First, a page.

Posted: October 1st, 2015
By: Valerie Mock* | Summer Guest Writer
In April of 2010, Justin Bieber released “Somebody to Love,” an upbeat urban pop song that peaked at number 15 on the Billboard Hot 100 and earned a Platinum certification from the Recording Industry Association of America (RIAA). The track received positive critical reception from industry standards like Rolling Stone, and was so popular that Bieber eventually re-recorded the song with his superstar mentor, Usher, for distribution both as a remix and as part of Usher’s 2010 EP “Versus.”Unfortunately, according to the claims of a 2013 lawsuit in the Eastern District of Virginia, the hit single is also stolen. Singer Devin “De Rico” Copeland and songwriter Mareio Overton allege that the mentor/protégé pair stole their original composition and seek $10 million dollars in lost profits as a result.
To establish a valid claim for copyright infringement, a plaintiff must prove that they have a valid copyright for a work, and that the defendant copied this protected work to create an infringement. If a plaintiff cannot prove direct copying, they can establish it inferentially by proving (1) the defendant had access to the work, and (2) that the defendant’s copy is “substantially similar” to the plaintiff’s original.
In today’s age, because of the wide-spread accessibility generated by the internet, access is easily established. “Substantial similarity,” on the other hand, must be established through a two part test. The first component is “extrinsic” similarity, an objective standard that looks only at specific similarities between the protected, original elements and ideas of the first work and its counterparts in the alleged infringing work. The second component, however, is “intrinsic” similarity, which is evaluated using a subjective test. Intrinsic similarity is judged by evaluating the work as a whole and asking whether the work’s intended audience would view the songs as “substantially similar” in overall concept and feel.
Under these rules, the District Court for the Eastern District of Virginia dismissed Copeland’s suit in March of 2014. The court evaluated only intrinsic similarity in reaching this decision, finding that “although the [Bieber and Usher] songs have some elements in common with [Copeland]’s song, their mood, tone, and subject matter differ significantly.” In light of this, the court held that “a reasonable juror could not conclude that a member of the public would construe the aesthetic appeal of the songs as being similar.”
This victory for ‘Biebs’ was ultimately short-lived, however, as the Fourth Circuit vacated the dismissal and sent the case back to the District Court for further proceedings in June of 2015. The court listened to the tracks for themselves in a de novo review, and decided that the district court analysis considered too heavily “a difference in ‘mood’ and ‘tone’, and too little [the] similarities between . . . their choruses.” In an opinion containing musical references ranging from The Beatles to Aretha Franklin, the court advised that even a small part of a composition that was copied could have a massive effect on the marketability of the work.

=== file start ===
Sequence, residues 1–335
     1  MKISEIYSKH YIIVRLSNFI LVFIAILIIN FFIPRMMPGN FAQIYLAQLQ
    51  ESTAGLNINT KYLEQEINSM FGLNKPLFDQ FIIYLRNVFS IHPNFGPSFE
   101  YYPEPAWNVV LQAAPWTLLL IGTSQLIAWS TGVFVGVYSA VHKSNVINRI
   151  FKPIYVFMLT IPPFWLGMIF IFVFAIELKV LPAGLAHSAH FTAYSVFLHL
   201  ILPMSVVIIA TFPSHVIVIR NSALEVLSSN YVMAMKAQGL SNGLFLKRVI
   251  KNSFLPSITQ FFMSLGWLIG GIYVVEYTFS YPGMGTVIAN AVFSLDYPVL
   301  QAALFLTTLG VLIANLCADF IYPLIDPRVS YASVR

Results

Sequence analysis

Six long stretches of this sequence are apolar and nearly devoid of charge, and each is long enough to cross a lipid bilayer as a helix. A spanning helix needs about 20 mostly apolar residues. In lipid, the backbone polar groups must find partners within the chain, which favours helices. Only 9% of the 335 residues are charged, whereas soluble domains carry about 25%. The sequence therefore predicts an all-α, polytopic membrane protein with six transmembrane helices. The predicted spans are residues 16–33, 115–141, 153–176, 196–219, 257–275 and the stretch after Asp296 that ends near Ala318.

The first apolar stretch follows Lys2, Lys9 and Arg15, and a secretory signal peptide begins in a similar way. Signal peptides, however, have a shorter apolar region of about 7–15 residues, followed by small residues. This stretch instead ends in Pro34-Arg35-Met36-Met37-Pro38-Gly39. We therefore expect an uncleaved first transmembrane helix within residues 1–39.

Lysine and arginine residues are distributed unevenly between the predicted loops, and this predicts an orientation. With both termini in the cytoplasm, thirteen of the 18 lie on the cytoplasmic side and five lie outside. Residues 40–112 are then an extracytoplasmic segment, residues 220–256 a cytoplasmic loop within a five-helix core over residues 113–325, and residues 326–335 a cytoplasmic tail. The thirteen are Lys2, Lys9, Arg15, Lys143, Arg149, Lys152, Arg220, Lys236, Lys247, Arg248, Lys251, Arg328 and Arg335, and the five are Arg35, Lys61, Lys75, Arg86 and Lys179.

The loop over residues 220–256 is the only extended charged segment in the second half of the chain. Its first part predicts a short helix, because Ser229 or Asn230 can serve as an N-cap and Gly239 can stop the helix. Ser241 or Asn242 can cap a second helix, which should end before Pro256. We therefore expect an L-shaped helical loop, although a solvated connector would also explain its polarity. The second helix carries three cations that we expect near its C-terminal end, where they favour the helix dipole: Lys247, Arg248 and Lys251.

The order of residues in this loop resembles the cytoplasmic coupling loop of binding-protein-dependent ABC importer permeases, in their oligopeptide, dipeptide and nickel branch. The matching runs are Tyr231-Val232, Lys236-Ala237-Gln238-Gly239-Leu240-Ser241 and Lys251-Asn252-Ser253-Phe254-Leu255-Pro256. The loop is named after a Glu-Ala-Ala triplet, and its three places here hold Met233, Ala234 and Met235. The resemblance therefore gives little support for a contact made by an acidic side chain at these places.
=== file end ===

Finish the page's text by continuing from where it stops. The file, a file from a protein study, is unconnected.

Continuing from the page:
In doing so, the court noted the importance of “hooks”, those short and catchy melodies that get stuck in your head for days, and in most instances make or break a song’s success. The court held that the Bieber and Copeland songs had choruses that were “similar enough and also significant enough that a reasonable jury could find the songs intrinsically similar.”
Copeland certainly could walk away from this lawsuit with songwriting royalties. This seems especially likely in light of recent suits against performers like Robin Thicke, wherein a jury awarded $7.4 million to the family of Marvin Gaye because Thicke’s controversial single ‘Blurred Lines’ infringed on Gaye’s hit ‘Got to Give It Up.’ Another example is Sam Smith, who recently settled a lawsuit with Tom Petty concerning infringement of Petty’s 1989 single ‘I Won’t Back Down.’ Whether Copeland’s money comes from a jury awarding damages or from a settlement, recent trends in copyright litigation suggest a payday. In addition, like the Smith case, it might be simpler for Bieber to settle than to slog through the costly litigation of an unpredictable copyright suit.
This case also reiterates the strained debate over the purpose of copyright law. In promoting the constitutionally mandated “progress of science and the useful arts,” should the courts favor the established creator or the new artist? After all, there are only so many notes and chords available in western music, and a finite number of combinations are possible. Copyright law offers protection for independent conception, wherein two creators write the same song separate from one another, but is that possible to prove any more in an era of widespread internet access? Cases such as this one, if taken to trial, will continue to bring issues like these to the forefront.
There is no word yet as to whether or not the case will proceed to trial. In the meantime, if you’d like to make your own determinations about the case you can hear Bieber’s single here, and the chorus of Copeland’s song here.
*Valerie Mock is a second year law student at the Wake Forest University School of Law. Prior to law school, she studied Biology at the Georgia Institute of Technology in Atlanta, Georgia. After graduation, she hopes to practice intellectual property law, specifically patent and copyright litigation.